This example illustrates the preparation of a cationic, water-soluble wet-strength resin from diethylenetriamine, adipic acid and epichlorohydrin. 0.97 Mole diethylenetriamine is added to a reaction vessel equipped with a mechanical stirrer, a thermometer and a reflux condenser. One mole of adipic acid is then gradually added to the reaction vessel with stirring. After the acid dissolves in the amine, the reaction mixture is heated to 170°-175° C. and held at that temperature for about one and one-half hours until the reaction mixture becomes very viscous. The reaction mixture is then cooled to 140° C., and sufficient water is added to produce a polyamide solution with a solids content of about 50%. A sample of the polyamide isolated from this solution has a reduced specific viscosity of 0.155 deciliters per gram when measured at a concentration of two percent in a one molar aqueous solution of ammonium chloride. The polyamide solution is diluted to 13.5% solids and heated to 40° C., and epichlorohydrin is slowly added in an amount corresponding to 1.32 moles per mole of secondary amine in the polyamide. The reaction mixture is then heated at a temperature between 70° and 75° C. until it attains a Gardner Holdt viscosity of E-F. Sufficient water is added to provide a solids content of about 12.5%, and the solution is cooled to 25° C. The pH of the solution is then adjusted to 4.7 with concentrated sulfuric acid. The final product contains 12.5% solids and has a Gardner Holdt viscosity of B-C.
Polyethylene pulp having carboxylic functionality is prepared as described in Example A. Varying amounts of the polyethylene pulp, as shown in Table 1, are blended with bleached softwood kraft by dispersing both in water at 2% consistency. 0.25% by weight, based on the weight of the wood pulp on a dry basis, of alkylketene dimer sizing agent and 0.25% by weight, based on the weight of the wood pulp on a dry basis, of cationic wet-strength resin prepared as described in Example B are added to the pulp. The pulp is then formed into sheets, dewatered and dried on conventional papermaking equipment. 10% total solids enzyme-converted pearl starch is added at the size press with an add on of approximately 6 lbs./ream of paper. A solution of 2% unconverted pearl starch containing colloidal silica is applied to the surface of the sheet at the wet stack.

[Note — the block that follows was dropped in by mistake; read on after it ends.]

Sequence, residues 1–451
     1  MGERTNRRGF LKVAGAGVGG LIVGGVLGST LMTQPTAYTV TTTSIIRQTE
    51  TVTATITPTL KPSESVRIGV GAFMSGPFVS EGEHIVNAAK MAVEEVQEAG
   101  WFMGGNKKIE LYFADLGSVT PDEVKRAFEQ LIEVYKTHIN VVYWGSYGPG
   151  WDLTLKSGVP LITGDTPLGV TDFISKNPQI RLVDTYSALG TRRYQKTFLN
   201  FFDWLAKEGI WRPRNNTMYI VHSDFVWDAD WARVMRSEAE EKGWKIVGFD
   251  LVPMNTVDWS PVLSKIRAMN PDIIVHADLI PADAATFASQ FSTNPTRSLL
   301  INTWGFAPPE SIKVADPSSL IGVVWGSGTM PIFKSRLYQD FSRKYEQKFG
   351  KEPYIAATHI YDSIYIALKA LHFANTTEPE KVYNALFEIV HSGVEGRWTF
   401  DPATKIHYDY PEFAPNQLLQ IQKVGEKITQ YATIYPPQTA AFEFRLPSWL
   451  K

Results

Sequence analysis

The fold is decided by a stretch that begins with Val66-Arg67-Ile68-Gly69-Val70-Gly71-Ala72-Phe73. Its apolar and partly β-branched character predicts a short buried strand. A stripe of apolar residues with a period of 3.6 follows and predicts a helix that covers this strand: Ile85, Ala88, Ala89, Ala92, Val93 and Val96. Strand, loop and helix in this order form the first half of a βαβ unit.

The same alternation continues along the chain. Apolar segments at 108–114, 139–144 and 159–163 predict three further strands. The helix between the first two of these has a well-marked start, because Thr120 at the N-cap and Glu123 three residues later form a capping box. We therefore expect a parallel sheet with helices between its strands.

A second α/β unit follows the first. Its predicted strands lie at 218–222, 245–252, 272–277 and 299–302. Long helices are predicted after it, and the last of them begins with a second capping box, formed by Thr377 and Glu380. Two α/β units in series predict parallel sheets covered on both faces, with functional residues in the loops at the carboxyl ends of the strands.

Paperboard containing varying amounts of polyethylene pulp, prepared as described above, and a control containing no polyolefin pulp are subjected to tensile energy absorption (TEA) and Mullen plybond (burst) tests under ambient conditions. The results are given in Table 1. The data are an average of five determinations for weight, ten for caliper, five for TEA and four for Mullen plybond.
TABLE 1______________________________________% Poly- Caliper TEA Mullenethylene Weight 1/1000 ft. lbs./ft2 PlybondExample Pulp lbs./ream inch MD CD psi______________________________________Control 0 210.2 16.2 12.4 22.2 1231 5.0 212.5 16.3 13.7 26.0 1412 6.0 211.8 16.5 16.3 27.6 1533 7.5 206.3 16.0 12.2 25.9 164______________________________________
Samples of the same paperboard sheets are brought to an equilibrium moisture content at 25% relative humidity (RH) and are then conditioned and tested at 45% and 93% RH for STFI short span compression in both the machine direction (MD) and the cross direction (CD), and for Z tensile. The results are given in Table 2. The data are an average of two determinations for moisture content, five for Z tensile and twenty for STFI compression.
TABLE 2______________________________________%Poly- Moisture MD STFI CD STFIEx- ethyl- Content Z Short Span Short Spanam- ene of Tensile, Compression, Compression,ple Pulp Board % psi lbs./in. lbs./in.______________________________________45% HumidityCon- 0 5.56 56 ± 0.9 59.6 ± 2.7 40.0 ± 2.6trol1 5.0 4.56 64 ± 1.5 62.9 ± 2.8 40.7 ± 2.42 6.0 5.29 69 ± 1.9 62.8 ± 3.2 41.4 ± 1.93 7.5 5.14 77 ± 1.8 62.6 ± 2.7 40.5 ± 1.693% HumidityCon- 0 13.6 38 ± 1.9 22.6 ± 1.6 16.2 ± 1.2trol1 5.0 12.4 43 ± 1.5 27.3 ± 2.2 19.5 ± 1.72 6.0 12.5 47 ± 1.5 27.0 ± 1.4 20.1 ± 1.53 7.5 12.8 53 ± 1.3 26.8 ± 1.7 19.7 ± 1.6______________________________________